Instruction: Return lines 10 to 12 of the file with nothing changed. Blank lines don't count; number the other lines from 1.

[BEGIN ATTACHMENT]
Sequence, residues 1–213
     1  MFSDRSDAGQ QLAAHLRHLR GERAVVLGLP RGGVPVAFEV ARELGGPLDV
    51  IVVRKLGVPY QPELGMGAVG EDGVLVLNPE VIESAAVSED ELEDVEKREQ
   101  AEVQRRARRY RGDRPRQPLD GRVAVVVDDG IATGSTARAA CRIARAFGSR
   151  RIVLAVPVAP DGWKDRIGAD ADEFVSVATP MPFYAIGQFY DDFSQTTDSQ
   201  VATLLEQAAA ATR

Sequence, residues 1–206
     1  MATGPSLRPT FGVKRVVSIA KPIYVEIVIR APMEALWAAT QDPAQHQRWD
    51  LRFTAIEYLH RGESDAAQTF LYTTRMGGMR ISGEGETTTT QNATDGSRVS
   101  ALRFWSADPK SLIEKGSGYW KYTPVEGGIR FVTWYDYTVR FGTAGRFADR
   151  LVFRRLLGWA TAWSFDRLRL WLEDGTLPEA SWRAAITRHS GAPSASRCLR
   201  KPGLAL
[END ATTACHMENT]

   101  ALRFWSADPK SLIEKGSGYW KYTPVEGGIR FVTWYDYTVR FGTAGRFADR
   151  LVFRRLLGWA TAWSFDRLRL WLEDGTLPEA SWRAAITRHS GAPSASRCLR
   201  KPGLAL